The prospect of two new woodlots on Gambier Island has left a few North Shore cottage owners with an axe to grind.
Emotions were at a “boiling-over point” at an information meeting hosted by the Ministry of Forests last Thursday night (July 24) in West Vancouver, said Peter Snell, Gambier Island Conservancy director.
Located at the north end of Gambier, the proposed woodlots comprise 1,326 hectares and would likely produce approximately 6,000 cubic metres of chopped cedar, Douglas fir and hemlock each year. But many North Shore cottage owners and boaters aren’t pleased with the plan, which could squeeze out hiking trails and push a log dump onto Douglas Bay, according to Burrard Yacht Club past commodore Lea Bancroft.
“It’s not as if we can drive five miles the other way,” he said. “We’re no longer dealing with a wilderness area that’s out in the middle of nowhere. This is right in people’s backyards.”
Despite owning 15 acres near the proposed woodlots, the Burrard Yacht Club had no hint there might be logging in the area until hearing about the plan “through the grapevine” this spring, Bancroft said.
The Ministry of Forests has received bids on the woodlots ranging up to $488,000, but recently delayed awarding them.
That decision followed the threat of legal action from the Gambier Island Conservancy — a group opposed to the Ministry’s plans — on the grounds the public wasn’t properly consulted.
The delay was intended to allay confusion and help concerned residents “better understand the woodlot process,” according to assistant Deputy Minister of Forests Craig Sutherland.
That explanation didn’t sit well with Snell.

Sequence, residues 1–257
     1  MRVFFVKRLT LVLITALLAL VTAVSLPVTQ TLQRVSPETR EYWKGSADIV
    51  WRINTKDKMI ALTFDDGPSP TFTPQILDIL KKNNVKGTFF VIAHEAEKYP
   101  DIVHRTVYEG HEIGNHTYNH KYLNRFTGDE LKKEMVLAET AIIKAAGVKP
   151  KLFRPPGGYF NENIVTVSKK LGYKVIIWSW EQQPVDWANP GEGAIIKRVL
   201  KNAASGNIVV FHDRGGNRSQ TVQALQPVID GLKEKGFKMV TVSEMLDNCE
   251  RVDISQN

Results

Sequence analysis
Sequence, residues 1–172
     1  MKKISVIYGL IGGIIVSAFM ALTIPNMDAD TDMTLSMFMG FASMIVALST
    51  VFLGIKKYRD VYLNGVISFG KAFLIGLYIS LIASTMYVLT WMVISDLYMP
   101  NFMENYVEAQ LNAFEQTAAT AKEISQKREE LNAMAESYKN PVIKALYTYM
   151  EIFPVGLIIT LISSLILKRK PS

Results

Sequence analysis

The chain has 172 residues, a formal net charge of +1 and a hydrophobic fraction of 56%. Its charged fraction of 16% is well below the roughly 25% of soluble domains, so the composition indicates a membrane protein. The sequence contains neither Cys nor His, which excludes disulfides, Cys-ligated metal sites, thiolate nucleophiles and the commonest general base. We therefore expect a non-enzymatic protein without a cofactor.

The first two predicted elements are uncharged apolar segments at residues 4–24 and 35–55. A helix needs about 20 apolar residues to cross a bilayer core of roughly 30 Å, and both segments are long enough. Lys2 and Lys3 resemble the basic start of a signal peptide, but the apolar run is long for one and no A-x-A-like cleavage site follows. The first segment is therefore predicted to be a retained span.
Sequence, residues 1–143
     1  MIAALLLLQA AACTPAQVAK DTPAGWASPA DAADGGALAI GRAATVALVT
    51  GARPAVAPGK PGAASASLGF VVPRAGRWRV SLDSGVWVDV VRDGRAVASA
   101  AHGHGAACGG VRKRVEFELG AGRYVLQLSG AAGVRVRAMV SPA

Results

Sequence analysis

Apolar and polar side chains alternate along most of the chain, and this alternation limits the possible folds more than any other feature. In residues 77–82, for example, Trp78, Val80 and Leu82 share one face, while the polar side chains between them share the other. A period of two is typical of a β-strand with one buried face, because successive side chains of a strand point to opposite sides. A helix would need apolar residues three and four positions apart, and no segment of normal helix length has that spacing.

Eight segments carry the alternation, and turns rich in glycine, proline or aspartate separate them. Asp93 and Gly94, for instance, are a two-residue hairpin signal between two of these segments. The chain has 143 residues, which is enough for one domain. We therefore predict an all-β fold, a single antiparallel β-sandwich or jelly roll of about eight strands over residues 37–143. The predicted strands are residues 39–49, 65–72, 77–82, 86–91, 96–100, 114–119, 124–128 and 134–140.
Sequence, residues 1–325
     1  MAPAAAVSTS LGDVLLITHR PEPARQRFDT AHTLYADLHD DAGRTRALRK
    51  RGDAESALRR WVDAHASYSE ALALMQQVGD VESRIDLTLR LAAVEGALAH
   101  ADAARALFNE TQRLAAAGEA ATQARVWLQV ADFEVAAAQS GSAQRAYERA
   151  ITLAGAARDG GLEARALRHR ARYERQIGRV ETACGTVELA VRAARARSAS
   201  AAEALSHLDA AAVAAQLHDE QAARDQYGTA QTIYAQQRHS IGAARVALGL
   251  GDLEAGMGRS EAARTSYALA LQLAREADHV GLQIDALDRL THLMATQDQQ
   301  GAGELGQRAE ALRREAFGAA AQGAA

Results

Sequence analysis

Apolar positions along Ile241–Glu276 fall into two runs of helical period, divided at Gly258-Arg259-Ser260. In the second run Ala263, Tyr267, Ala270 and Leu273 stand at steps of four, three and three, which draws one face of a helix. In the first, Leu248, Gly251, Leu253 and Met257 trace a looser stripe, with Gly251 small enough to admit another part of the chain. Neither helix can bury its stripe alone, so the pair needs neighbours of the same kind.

“We know what woodlots are,” he said. “What we don’t know is why [the Ministry of Forests] failed to talk to the community.”
The ministry has tunnel vision, according to Snell.
“There’s quite a lot of economic activity that relates to the island that has not been looked at by the ministry because they’ve had a logging-first agenda,” Snell said.
But Gambier Island woodlot owner Bill Errico said there’s nothing to fear from woodlots.
“Some people look at it as if you’re going to strip everything … but that’s not a fact,” he said, adding the areas will be logged over decades, allowing new trees to sprout. Based on the annual allowable cut, the woodlot should be sustainable for 250 years, according to a report from the Sunshine Coast Forest District.
The roads in Errico’s woodlot have evolved into hiking trails enjoyed by the community, he said.
“I’ve never had anybody complain,” he said.
But the state of Errico’s woodlot is a major reason for the concerns over new woodlots, according to Snell.
“The hiking trails have been decimated by the logging activities to the point where summer camps will no longer go through the woodlot because of the concerns about safety,” Snell said. “It’s quite different hiking through an old growth forest versus hiking through a tree farm.”
The woodlots are also far too close to Gambier Lake, according to Snell.
“All the trails that snake through the forest to get to the lake are right in the direct path of where these woodlots would be,” Snell said.
That lake is critical for many summer campers who hike and pitch tents alongside the water, noted Bancroft.
“Is that going to be lost?” he asked.
The woodlots will likely have a negligible impact on B.C.’s economy, according to Bancroft.
“The economic value that the taxpayers of British Columbia are actually going to get out of the development of those two woodlots is marginal or negative,” Bancroft said.
Snell said the Gambier Island Conservancy hasn’t ruled out further legal action, and called for more community input prior to a contract being awarded.
“It’s never too late to do the right thing,” he said.
If awarded, the woodlot term would likely be 20 years.
© Coast Reporter